I was an Army brat until the summer before 4th grade. I was supposed to start kindergarten in Groton, Massachusetts, but refused to go. Kindergarten must not have been compulsory back in 1953, because my Mom apparently humored me and let me stay home with my little brother.

The next summer we were transferred to Vint Hill Farms Station, near Warrenton, VA. When we lived there it was out in the country. Now it's practically part of Washington, D.C. and is a private development. I rode a school bus with my older brother and sister to the elementary school in Warrenton, VA. My recollection is that it was an older brick building with a primarily dirt playground and an annex on the far side of the playground with an auditorium and some more classrooms. I must have attended that school for three years, until my Dad retired from the US Army in June 1957. My only memories of grades 1-3 are:
  1. My first grade teacher was mean. She would make us "nap" with our heads on our desks. One hand had to be draped over the edge of our desk. She would walk around and lift our fingers to see if we were asleep. If we weren't, she'd rap us with her ruler. Not a fond memory.
  2. The first of May was a big deal. The older kids did a "May Pole Dance" with fancy costumes and there was a program that included a minstrel show. My older brother had to put charcoal on his face to be in the show. Even at age 8 I thought it was stupid.
  3. One time we got caught in a hurricane while on the school bus heading home. The bus flipped and my brother's mouth was bleeding all over. The boy next to me broke his arm and the bone was sticking out. I don't remember getting hurt, but I do remember being scared out of my wits!

In 1957 we moved to State College, PA (home of Penn State) and rented a small house on Aiken Place. The town had just built a big new high school, but was woefully short on elementary schools, so I attended 4th grade in one wing of the high school. My younger brother, older sister and I walked to school through a little "pocket park," down a hill and across a huge field. My teacher was Mrs. Torkelson, who I've always remembered fondly. Somewhere I still have a postcard she sent me the next summer when she was on a trip to the west coast. Imagine my astonishment when I read her obituary in The Seattle Times a few years ago. Since 1977 I have lived about 2 miles from where she was living when she died. If I'd only known.....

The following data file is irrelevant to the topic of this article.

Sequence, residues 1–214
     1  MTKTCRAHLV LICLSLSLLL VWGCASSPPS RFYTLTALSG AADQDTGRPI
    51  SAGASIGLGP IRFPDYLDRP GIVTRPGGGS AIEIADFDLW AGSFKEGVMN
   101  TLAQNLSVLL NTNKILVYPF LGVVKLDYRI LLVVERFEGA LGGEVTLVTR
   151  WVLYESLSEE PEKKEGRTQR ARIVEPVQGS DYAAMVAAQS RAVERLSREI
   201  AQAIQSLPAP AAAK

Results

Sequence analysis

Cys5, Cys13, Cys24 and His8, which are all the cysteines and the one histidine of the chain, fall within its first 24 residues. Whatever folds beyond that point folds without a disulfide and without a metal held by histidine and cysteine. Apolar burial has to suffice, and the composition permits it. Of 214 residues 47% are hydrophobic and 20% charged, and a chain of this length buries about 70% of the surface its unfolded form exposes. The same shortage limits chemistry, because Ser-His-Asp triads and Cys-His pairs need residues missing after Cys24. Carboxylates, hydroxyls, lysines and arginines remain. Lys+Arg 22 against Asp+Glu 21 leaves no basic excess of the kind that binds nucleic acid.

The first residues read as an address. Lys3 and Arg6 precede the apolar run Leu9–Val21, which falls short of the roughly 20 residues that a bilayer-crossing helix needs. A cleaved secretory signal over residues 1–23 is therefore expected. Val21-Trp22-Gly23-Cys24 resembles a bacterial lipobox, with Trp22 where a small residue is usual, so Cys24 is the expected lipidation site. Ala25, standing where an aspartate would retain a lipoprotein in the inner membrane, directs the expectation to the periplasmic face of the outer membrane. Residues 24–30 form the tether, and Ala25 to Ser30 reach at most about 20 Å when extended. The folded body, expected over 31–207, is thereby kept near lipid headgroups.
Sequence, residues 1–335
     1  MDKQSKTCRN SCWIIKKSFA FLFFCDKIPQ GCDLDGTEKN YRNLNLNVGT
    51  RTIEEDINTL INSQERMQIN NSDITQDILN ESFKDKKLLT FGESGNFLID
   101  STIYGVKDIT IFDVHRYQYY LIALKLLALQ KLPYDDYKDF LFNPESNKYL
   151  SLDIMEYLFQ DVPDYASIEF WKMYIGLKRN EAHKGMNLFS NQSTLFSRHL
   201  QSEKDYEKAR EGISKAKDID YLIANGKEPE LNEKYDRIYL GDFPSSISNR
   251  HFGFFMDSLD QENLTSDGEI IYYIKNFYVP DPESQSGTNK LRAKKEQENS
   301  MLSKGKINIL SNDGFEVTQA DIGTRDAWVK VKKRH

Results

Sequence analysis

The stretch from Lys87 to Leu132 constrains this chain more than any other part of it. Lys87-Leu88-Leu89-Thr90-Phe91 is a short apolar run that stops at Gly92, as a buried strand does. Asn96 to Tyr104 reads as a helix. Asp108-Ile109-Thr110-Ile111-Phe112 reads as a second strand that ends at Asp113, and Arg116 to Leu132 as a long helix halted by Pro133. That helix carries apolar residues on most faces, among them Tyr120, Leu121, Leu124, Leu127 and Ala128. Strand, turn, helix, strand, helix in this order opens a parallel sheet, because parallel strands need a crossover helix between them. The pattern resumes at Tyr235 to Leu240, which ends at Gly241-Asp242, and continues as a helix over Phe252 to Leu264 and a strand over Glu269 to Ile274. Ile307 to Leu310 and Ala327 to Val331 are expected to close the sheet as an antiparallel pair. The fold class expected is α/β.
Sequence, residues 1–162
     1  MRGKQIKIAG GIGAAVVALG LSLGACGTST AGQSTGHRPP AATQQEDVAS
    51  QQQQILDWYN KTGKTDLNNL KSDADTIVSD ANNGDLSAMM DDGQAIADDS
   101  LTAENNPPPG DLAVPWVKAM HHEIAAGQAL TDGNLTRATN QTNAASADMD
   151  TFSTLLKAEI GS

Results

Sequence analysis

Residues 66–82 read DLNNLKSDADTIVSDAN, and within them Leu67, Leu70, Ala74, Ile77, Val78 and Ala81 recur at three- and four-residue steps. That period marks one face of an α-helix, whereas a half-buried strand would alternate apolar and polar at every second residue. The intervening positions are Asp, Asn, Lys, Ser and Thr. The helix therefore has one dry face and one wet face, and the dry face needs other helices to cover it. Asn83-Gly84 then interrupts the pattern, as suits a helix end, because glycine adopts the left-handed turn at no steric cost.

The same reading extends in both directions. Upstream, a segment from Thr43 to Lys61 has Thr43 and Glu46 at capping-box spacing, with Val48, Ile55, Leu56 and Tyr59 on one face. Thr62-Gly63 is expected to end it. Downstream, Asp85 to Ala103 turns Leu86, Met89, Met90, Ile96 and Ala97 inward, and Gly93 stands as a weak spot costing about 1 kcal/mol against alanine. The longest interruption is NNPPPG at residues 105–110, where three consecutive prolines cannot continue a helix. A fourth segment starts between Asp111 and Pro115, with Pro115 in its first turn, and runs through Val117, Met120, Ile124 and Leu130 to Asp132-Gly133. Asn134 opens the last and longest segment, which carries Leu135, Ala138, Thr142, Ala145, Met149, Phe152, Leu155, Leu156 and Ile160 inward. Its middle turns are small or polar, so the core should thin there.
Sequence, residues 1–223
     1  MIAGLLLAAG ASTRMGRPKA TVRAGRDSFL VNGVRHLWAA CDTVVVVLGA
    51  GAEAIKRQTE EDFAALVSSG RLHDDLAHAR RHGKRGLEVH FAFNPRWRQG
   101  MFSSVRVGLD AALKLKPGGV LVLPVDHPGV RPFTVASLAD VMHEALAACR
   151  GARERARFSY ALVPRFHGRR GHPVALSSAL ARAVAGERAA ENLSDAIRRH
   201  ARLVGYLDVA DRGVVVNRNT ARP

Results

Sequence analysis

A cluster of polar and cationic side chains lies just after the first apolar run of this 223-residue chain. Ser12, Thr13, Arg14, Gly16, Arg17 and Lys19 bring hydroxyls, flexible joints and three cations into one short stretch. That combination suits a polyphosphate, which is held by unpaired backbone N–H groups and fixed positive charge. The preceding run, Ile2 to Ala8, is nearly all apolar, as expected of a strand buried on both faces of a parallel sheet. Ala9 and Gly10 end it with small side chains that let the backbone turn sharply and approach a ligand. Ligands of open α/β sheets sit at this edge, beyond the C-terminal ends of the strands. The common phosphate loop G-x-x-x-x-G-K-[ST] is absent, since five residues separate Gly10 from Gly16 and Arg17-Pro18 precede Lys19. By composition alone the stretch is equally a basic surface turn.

The summer of 1958 my parents purchased a home across town from the rental house. It was HUGE--6 bedrooms, 2.5 baths--partly unfinished on a huge lot that had no landscaping, just lots of wild blackberries. My folks got a great deal on the house because the builder went too far in debt and couldn't finish it. We lived there until after I was out of the house. Corl Street Elementary school was just a long block from that house, down a pleasantly treed path and across the playground from our house. For 5th grade I had Mr. Cox and for 6th grade I had Mr. Lee. Mr. Cox became principal the year after he taught my class and Mr. Lee had a heart attack while teaching my class. We must have been a challenge. I remember Mr. Lee having a terrible temper. One time he got so mad at a kid who was sassing him that he picked the kid up and then threw him down to the floor. That stunt was quickly followed by a heart attack. We had subs for a long time after that. After my mother died in 1996 I discovered a book about the early families in Centre County that was written by Mr. Lee. Pity I hadn't discovered genealogy yet when I was in 6th grade.